Is the Anthropocene a one-way trip for mankind?
It's not yet formalised as a geological term, but many scientists are using 'Anthropocene' to define the era we're living in now – one in which human activities rival the power of geophysical processes in shaping our planet. The Holocene, the geological epoch which began around 10,000 years ago, has provided a relatively stable environment which has supported the rapid development of human life – and we're steadily moving away from these conditions.
Our generation is the first to understand the power of its own influence on the environment and this paper argues that recognising the significance of the Anthropocene moves us on from defining environmental problems, towards finding solutions.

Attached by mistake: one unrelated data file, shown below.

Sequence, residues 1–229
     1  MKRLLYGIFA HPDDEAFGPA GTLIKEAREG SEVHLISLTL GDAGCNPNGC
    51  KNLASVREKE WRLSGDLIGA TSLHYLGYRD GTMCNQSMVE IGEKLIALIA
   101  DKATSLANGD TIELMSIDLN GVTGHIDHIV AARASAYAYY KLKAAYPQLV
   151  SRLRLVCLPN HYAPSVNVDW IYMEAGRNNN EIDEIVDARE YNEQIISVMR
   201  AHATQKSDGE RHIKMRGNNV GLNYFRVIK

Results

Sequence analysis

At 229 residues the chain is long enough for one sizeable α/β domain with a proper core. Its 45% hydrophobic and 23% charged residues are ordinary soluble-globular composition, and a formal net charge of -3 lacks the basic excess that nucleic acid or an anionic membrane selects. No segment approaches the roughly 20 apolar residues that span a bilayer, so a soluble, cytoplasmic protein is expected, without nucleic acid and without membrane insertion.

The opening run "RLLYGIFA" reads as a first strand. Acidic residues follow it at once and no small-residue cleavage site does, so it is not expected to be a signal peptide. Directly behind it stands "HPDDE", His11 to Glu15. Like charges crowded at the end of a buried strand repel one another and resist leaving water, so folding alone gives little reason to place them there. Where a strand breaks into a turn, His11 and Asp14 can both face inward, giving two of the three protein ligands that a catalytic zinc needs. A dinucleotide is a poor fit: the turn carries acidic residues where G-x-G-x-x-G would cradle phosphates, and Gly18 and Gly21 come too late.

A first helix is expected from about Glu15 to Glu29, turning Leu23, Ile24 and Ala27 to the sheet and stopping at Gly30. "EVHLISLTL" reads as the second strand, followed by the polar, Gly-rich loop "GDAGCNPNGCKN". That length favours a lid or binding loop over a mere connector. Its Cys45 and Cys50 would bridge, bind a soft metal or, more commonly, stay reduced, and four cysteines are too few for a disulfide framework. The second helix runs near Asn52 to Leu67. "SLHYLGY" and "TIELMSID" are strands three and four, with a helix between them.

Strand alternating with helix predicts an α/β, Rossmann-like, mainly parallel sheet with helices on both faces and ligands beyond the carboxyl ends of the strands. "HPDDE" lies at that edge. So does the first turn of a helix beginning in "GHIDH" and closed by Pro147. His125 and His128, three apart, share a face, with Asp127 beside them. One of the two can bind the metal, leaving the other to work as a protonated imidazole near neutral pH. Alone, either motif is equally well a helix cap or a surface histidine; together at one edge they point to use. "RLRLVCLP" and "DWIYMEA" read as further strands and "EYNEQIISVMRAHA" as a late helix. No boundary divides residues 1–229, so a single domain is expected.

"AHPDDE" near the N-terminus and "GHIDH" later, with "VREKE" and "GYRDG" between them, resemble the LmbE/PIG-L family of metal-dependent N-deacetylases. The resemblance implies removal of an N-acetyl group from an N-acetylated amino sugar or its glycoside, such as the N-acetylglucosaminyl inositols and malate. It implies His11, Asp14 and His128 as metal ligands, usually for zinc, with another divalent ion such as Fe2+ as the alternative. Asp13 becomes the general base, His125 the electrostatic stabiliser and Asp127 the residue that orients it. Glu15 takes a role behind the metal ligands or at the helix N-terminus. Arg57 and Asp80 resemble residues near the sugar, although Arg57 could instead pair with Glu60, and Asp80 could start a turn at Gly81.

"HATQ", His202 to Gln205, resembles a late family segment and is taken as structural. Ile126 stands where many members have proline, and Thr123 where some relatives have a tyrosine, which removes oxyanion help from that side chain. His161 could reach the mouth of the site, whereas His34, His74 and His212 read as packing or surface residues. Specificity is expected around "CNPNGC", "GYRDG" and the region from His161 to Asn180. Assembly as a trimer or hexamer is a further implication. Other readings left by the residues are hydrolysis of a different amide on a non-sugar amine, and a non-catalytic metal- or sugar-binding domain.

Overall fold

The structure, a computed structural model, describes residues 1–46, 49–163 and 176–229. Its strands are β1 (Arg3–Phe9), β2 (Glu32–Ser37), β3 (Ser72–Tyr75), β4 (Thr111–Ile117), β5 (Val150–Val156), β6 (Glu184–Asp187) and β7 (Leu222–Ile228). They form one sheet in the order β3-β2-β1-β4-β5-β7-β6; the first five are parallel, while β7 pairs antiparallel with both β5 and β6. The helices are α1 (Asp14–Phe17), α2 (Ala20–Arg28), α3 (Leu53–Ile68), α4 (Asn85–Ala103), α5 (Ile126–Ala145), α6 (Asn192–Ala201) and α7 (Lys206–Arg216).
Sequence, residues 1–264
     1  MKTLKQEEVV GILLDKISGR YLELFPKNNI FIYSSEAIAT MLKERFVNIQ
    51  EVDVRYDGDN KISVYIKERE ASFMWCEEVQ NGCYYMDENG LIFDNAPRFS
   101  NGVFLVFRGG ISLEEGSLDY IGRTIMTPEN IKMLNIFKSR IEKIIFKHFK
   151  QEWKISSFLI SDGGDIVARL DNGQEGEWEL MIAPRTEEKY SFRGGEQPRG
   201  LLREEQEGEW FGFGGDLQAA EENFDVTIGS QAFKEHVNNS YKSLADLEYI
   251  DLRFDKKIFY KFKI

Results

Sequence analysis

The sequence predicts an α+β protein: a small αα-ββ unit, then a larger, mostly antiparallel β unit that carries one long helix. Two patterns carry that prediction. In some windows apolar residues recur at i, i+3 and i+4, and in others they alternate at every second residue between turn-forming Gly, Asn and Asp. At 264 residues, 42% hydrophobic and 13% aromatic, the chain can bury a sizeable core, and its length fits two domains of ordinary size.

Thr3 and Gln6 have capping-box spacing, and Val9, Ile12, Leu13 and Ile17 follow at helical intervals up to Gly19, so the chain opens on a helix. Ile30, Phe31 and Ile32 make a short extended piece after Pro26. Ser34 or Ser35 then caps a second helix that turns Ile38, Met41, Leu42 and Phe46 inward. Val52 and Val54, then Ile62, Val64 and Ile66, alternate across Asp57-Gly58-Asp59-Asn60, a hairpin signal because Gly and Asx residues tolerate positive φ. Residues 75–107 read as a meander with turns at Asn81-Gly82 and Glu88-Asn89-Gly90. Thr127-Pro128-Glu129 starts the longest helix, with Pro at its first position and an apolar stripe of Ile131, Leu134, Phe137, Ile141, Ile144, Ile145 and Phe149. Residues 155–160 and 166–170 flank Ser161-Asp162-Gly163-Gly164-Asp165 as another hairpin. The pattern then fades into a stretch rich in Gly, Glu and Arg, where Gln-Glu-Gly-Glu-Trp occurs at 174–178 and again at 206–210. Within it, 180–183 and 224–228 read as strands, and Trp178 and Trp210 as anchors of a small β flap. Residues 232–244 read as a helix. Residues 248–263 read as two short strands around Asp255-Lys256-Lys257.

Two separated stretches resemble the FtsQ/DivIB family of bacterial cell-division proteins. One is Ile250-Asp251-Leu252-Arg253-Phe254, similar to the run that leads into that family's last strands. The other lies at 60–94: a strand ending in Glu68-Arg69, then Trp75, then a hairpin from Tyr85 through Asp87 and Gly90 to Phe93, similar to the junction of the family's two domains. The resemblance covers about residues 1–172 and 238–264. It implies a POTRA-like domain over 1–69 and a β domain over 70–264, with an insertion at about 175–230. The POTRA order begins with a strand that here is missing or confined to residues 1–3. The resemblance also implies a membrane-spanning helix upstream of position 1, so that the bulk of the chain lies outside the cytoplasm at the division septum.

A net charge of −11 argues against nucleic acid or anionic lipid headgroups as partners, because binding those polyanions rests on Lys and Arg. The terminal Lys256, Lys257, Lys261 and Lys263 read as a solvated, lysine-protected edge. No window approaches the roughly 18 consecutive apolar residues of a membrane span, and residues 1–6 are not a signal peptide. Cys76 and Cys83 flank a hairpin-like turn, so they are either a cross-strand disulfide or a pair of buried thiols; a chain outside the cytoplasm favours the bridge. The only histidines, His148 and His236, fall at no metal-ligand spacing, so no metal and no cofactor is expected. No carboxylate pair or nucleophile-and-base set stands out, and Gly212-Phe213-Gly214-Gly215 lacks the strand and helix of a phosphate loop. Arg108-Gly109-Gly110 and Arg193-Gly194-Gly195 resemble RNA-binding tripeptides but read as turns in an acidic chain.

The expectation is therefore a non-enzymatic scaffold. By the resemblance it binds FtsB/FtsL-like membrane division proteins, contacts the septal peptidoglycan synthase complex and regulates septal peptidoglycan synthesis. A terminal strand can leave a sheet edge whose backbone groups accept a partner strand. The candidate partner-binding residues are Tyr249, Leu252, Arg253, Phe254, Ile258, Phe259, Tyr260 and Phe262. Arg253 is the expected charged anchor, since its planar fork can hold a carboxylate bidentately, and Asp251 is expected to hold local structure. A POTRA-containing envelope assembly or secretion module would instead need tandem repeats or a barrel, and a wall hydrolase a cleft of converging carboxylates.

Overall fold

The authors set out various ways in which human economic and social developments are moving us away from the supportive environmental conditions of the Holocene, and asks whether the Anthropocene could see us redefine ourselves as stewards of our environment, or if it could be a one-way trip to an uncertain future.
Steffen, W et al. The Anthropocene: from global change to planetary stewardship. Royal Swedish Academy of Sciences, 2011.
Posted on 30 January 2012
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